compensation for participation and ancillary expenses (e.g., meals, parking, travel), but the amount should be sufficiently modest that it does not become a substantial source of income and thus risk compromising the member’s association with the community and public at large.

For large institutions with many administrative units or departments, no more than three voting members should be associated with a single administrative unit (USDA 1985). The size of the institution and the nature and extent of the Program will determine the number of members of the committee and their terms of appointment. Institutions with broad research programs may need to choose scientists from a number of disciplines and experience to properly evaluate animal use protocols.

The committee is responsible for oversight and evaluation of the entire Program and its components as described in other sections of the Guide. Its oversight functions include review and approval of proposed animal use (protocol review) and of proposed significant changes to animal use; regular inspection of facilities and animal use areas; regular review of the Program; ongoing assessment of animal care and use; and establishment of a mechanism for receipt and review of concerns involving the care and use of animals at the institution. The committee must meet as often as necessary to fulfill its responsibilities, and records of committee meetings and results of deliberations should be maintained. Program review and facilities inspections should occur at least annually or more often as required (e.g., by the Animal Welfare Act and PHS Policy). After review and inspection, a written report (including any minority views) should be provided to the IO about the status of the Program.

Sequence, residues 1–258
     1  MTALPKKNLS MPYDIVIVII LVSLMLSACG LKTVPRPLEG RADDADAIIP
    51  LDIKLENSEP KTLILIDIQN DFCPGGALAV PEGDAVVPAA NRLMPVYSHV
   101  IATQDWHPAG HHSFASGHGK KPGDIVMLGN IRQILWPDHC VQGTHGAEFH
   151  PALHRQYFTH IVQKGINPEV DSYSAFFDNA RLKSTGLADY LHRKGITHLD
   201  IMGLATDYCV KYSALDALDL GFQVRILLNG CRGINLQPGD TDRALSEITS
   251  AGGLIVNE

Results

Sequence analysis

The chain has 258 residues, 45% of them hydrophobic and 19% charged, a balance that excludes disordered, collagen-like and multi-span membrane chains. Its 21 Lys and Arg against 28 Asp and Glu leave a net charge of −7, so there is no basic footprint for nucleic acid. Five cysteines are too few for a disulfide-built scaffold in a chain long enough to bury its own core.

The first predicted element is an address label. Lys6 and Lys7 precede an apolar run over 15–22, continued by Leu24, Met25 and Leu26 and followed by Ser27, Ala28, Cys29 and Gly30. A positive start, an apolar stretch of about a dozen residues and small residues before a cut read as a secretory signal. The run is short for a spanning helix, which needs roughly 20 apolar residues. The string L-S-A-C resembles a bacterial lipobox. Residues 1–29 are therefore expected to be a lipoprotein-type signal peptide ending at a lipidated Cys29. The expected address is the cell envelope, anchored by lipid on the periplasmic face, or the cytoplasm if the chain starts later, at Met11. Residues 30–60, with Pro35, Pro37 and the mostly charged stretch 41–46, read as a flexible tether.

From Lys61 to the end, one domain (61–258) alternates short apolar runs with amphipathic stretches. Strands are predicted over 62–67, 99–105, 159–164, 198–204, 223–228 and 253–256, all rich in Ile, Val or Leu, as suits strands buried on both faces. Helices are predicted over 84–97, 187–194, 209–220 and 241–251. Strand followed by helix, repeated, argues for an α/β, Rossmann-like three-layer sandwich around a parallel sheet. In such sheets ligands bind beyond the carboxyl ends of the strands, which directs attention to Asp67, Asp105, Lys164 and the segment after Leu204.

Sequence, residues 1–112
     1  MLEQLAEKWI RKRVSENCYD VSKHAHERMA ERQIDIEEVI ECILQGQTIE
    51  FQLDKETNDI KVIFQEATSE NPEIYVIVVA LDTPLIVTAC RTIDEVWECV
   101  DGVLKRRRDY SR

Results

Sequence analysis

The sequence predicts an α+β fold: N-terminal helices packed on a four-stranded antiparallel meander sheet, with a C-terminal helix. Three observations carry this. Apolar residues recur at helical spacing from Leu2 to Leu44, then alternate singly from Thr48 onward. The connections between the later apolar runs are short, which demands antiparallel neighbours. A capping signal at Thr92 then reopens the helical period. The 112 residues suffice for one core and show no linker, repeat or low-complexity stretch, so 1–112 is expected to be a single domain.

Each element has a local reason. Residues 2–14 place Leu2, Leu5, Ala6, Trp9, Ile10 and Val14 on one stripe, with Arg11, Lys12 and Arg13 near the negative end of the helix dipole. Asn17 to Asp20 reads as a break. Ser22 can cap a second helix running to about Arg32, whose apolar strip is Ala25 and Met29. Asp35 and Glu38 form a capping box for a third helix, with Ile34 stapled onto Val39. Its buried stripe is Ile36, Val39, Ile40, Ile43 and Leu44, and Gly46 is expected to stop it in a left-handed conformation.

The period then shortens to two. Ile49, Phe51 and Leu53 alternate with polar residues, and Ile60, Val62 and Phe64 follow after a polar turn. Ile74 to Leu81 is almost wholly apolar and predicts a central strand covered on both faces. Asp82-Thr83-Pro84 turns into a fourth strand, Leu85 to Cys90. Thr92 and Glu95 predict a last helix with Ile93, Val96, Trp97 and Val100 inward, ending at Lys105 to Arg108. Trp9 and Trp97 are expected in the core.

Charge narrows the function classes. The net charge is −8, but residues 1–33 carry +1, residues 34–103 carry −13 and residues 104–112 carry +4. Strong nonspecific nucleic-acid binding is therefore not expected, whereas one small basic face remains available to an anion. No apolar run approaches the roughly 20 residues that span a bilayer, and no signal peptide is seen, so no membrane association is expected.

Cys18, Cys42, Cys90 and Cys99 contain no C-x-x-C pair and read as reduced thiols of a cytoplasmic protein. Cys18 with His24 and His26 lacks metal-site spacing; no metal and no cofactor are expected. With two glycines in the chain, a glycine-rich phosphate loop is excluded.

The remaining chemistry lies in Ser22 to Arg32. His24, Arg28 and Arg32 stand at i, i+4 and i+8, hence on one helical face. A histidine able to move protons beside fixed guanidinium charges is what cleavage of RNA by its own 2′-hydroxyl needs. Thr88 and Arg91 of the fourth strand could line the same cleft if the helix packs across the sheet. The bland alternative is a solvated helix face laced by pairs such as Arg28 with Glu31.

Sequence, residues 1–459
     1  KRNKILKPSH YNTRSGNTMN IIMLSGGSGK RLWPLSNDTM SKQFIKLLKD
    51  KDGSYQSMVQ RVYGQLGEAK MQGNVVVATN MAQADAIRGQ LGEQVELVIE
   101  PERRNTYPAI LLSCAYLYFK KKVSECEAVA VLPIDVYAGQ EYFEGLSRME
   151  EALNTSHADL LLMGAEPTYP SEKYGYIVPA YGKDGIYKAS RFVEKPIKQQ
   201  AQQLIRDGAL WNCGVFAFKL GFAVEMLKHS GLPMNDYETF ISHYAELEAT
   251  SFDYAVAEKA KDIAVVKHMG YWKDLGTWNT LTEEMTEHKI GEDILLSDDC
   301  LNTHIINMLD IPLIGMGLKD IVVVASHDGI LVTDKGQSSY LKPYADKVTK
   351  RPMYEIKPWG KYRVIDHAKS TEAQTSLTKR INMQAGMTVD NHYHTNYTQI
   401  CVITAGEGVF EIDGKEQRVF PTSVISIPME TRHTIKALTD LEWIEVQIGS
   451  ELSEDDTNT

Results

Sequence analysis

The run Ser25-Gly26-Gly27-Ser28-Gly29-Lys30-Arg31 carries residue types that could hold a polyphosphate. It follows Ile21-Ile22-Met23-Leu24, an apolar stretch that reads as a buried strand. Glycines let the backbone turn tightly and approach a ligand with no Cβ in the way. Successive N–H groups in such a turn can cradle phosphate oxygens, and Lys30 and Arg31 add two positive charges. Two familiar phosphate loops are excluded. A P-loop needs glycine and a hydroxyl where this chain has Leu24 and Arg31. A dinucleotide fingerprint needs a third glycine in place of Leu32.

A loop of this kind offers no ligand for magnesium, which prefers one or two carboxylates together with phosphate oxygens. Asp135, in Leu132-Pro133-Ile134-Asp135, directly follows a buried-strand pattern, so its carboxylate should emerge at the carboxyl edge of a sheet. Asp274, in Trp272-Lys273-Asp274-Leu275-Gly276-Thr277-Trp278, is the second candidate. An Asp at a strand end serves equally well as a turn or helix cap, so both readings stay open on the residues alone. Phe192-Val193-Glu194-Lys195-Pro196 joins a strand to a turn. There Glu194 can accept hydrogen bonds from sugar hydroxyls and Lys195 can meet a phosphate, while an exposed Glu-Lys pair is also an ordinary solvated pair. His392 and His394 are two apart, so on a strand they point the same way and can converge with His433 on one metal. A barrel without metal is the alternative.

Protocol Review

The animal use protocol is a detailed description of the proposed use of laboratory animals. The following topics should be considered in the preparation of the protocol by the researcher and its review by the IACUC:

  • rationale and purpose of the proposed use of animals

  • a clear and concise sequential description of the procedures involving the use of animals that is easily understood by all members of the committee

  • availability or appropriateness of the use of less invasive procedures, other species, isolated organ preparation, cell or tissue culture, or computer simulation (see Appendix A, Alternatives)

  • justification of the species and number of animals proposed; whenever possible, the number of animals and experimental group sizes should be statistically justified (e.g., provision of a power analysis; see Appendix A, Experimental Design and Statistics)

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